Prehistoric Guinea Pig Weighed Nearly a Ton
Like its modern guinea pig cousins, Phoberomys pattersoni loved to nibble on grass. The toothy rodent was anything but cuddly, however. Last September, zoologist Marcelo Sánchez-Villagra of the University of Tübingen in Germany unveiled the “exceptionally complete skeleton” of an 8-million-year-old swampland forager that was by far the largest rodent ever known: roughly nine feet long and more than 1,500 pounds. Even with a sturdy tail to help balance its formidable weight, Phoberomys had heavy hind legs and was clearly not much of a scamperer. That ungainliness may have contributed to its demise. The predators that were unearthed in the same fossil burial ground, 240 miles west of Caracas, Venezuela, include 30-foot-long crocodiles, marsupial cats as big as lions, and monstrous flesh-eating birds called phorusrhacoids.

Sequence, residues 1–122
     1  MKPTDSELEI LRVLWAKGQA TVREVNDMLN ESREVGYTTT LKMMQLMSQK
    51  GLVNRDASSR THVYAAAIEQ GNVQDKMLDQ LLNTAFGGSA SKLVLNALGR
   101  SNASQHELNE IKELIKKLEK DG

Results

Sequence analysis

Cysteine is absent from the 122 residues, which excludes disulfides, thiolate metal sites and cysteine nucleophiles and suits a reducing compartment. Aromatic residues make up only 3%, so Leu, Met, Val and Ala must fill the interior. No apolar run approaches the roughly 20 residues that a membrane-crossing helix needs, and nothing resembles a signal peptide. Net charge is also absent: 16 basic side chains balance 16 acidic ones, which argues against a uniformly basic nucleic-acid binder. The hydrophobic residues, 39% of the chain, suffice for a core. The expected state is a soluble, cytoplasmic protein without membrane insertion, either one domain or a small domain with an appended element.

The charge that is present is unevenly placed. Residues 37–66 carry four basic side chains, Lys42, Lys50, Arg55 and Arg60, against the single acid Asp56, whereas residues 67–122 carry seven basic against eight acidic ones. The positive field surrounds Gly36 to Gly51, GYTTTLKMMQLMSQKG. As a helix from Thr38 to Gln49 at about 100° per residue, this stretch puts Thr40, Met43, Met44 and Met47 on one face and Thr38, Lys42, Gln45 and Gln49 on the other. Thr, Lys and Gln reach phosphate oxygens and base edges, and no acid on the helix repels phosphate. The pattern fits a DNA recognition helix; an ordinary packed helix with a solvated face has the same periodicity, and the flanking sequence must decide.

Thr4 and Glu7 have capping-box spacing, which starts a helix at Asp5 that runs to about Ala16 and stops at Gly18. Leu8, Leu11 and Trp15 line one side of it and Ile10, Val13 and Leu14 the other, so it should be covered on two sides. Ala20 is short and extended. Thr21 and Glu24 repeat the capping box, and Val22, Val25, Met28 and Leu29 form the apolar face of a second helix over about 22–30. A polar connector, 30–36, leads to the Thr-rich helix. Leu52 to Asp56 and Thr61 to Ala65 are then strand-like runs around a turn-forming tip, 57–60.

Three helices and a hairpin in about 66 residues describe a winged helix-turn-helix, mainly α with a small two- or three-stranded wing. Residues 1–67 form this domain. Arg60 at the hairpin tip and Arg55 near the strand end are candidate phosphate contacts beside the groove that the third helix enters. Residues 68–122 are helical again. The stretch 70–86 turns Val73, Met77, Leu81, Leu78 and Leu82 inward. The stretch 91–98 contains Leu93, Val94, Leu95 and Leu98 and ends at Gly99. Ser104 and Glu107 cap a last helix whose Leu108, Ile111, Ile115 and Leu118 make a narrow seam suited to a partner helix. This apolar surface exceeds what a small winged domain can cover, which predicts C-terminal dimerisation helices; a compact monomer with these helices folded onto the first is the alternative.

Regal Kin of T. rex Turns Up in India
The skeleton had moldered in a closet for nearly two decades. In August paleontologists Paul Sereno of the University of Chicago and Jeffrey Wilson of the University of Michigan announced they had unearthed a brand-new species of dinosaur from a jumbled collection of fossils stored in Jaipur, India. After sorting through hundreds of bones excavated by paleontologists Suresh Srivastava and Ashok Sahni during a 1983 expedition in the Narmada River valley in western India, Sereno and Wilson realized they were looking at the braincase, parts of a hip, a vertebra, and a tailbone of a distant cousin of Tyrannosaurus rex. They named the new species Rajasaurus narmadensis, which means a “regal dinosaur from the Narmada.”
The approximately 4-ton, 30-foot-long predator lived 67 million years ago during the end of the Cretaceous Period, an epoch marked by intense volcanic activity and the extinction of the dinosaurs. Its bones resemble parts of dinosaurs found in Madagascar, Africa, and South America. So what made these bones stand out as a new species? “The roof of the skull has a raised lip, an indication of a horn. We’re not sure of the exact shape of it, though it was probably a low, blunt horn,” says Wilson. “There is nothing else in the world like this.”
—Michael W. Robbins